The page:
Hi everyone! As you probably know, October is National Bullying Prevention Month, and I have spent a lot of time over the past several years advocating for anti-bullying efforts and helping educating kids in elementary schools about bullying and its relation to neurological disorders such as Tourette Syndrome.
Today I was featured in an article by the New Jersey Center for Tourette Syndrome about bullying. I am proud to support NJCTS in its anti-bullying efforts; its support of kids with TS, OCD, ADHD and other disorders; and its upcoming 3rd annual Youth Advocate 5K. I hope to see you all there on November 3.
I’ve copied and pasted the NJCTS bullying article, which also features Dr. Stuart Green of Overlook Medical Center, below. I hope you enjoy it! Thanks for the support!
October is National Bullying Prevention Month, and Dr. Stuart Green, DMH, LCSW – the founder and director of the New Jersey Coalition for Bullying Awareness and Prevention – has an important message for people of all ages: All kids in school should feel safe, supported, included and engaged. That means NO bullying.
“New Jersey was one of the earliest states to develop anti-bullying laws and now has one of the strongest anti-bullying laws in the U.S.,” said Dr. Green, whose advocacy helped develop the law. “In addition, New Jersey has one of the nation’s strongest anti-discrimination laws. New Jersey educators deserve recognition for making strong efforts to promote character, strengthen school culture and improve school climate. However, in New Jersey and everywhere else, we still need to do much more to prevent and address bullying.”
That’s why Dr. Green’s Coalition is proud to approve the 3rd annual Youth Advocate 5K Family Run Walk on Saturday, November 3, at Borough Park in Mendham. The event seeks to foster awareness, acceptance, action and advocacy on behalf of kids with neurological disorders such as Tourette Syndrome, OCD, ADHD, Asperger’s Syndrome and anxiety – many of whom frequently are subjects of bullying in their schools and communities.
Proceeds from support of the Youth Advocate 5K will strengthen the statewide education outreach and peer advocacy programs of the New Jersey Center for Tourette Syndrome & Associated Disorders (NJCTS), which founded this event as New Jersey Walks For TS in 2010.
“The strength, activities, sophistication and influence of the New Jersey Center for Tourette Syndrome & Associated Disorders far outweighs its size,” said Dr. Green, who is one of seven members of the Youth Advocate 5K Honorary Committee.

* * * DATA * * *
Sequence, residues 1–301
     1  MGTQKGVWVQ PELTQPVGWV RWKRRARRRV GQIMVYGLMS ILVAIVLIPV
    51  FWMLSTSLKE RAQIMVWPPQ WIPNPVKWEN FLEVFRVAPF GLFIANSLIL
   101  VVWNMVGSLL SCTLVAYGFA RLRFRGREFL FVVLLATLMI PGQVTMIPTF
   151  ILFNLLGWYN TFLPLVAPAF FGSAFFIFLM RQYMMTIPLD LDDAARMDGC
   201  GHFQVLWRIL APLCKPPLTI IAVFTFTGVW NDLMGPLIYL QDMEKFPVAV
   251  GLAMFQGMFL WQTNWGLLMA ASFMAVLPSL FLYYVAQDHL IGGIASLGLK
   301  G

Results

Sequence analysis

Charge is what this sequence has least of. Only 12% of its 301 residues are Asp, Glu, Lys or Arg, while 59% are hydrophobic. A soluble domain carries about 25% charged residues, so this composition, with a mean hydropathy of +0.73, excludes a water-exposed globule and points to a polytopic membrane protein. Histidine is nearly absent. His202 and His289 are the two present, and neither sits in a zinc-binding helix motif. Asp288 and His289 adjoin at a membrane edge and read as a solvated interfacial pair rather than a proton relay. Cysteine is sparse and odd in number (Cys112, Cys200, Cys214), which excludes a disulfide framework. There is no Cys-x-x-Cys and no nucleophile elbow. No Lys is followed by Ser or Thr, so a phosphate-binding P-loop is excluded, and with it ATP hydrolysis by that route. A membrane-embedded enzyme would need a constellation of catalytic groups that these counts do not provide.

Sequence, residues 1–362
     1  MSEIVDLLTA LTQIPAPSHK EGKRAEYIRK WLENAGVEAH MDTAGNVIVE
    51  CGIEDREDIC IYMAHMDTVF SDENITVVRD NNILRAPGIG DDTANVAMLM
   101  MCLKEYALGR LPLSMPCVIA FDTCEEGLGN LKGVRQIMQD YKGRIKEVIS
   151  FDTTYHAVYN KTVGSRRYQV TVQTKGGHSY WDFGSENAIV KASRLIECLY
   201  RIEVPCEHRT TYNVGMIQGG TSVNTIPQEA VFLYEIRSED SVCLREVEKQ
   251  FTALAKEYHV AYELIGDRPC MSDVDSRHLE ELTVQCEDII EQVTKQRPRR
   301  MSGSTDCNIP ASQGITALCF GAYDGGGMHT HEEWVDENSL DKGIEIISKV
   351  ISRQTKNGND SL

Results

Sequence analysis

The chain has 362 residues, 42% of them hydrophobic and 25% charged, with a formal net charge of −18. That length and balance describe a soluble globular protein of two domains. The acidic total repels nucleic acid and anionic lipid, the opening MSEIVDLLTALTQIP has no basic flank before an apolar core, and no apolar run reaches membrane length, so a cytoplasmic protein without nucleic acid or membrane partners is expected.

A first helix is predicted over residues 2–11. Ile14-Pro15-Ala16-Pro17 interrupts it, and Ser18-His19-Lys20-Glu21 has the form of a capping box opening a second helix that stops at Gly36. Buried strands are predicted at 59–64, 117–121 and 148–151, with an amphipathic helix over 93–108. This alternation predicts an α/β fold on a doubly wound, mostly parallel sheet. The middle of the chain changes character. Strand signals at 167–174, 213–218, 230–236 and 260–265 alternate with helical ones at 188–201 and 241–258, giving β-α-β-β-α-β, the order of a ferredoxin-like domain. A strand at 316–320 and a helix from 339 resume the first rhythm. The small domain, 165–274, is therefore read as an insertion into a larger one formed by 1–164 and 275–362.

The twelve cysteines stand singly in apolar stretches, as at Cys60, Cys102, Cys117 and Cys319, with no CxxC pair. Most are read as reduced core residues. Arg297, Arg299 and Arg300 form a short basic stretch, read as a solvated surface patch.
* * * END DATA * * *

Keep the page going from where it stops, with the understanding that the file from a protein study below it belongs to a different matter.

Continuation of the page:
“It is one of the best community-based support and advocacy organizations anywhere “The Center has always been clear about the importance of preventing and addressing bullying to the children, youth and families it serves,” Dr. Green added. “NJCTS has been an important partner and support for Coalition initiatives and accomplishments. We are especially glad to be asked to support and participate in this NJCTS event.”
One of the teen advocates NJCTS has trained through its peer advocacy program, River Dell High School senior Emily Fleischman, often speaks about bullying to the many elementary schools she visits throughout the year. As someone who was regularly bullied when she was younger, Fleischman believes bullying can be stopped, but only if everyone – students, parents and teachers – is made aware of the consequences.
“Tourette Syndrome (and other neurological disorders) is too often the punch line of the jokes in the school hallways … ‘Ooops, sorry, I said a curse word – I have Tourette!’ Kids with TS are tortured in school daily because of the tics (physical and verbal) we cannot control,” said Fleischman, who is volunteering at the Youth Advocate 5K. “Bullies do not understand. If only they knew what TS is like and how uncomfortable, even painful, it is to have uncontrollable urges to tic. That, coupled, with the fear of being laughed at, is just an awful way to spend teenage years.”
Fleischman and Dr. Green believe anti-bullying efforts are extremely important – that those with neurological disorders suffer enough merely coping with the disorders on a daily basis.
“We do not need to endure the pain of fending off bullies,” Fleischman said.
“Bullying is almost always a pattern of negative acts, not a single incident,” Dr. Green added.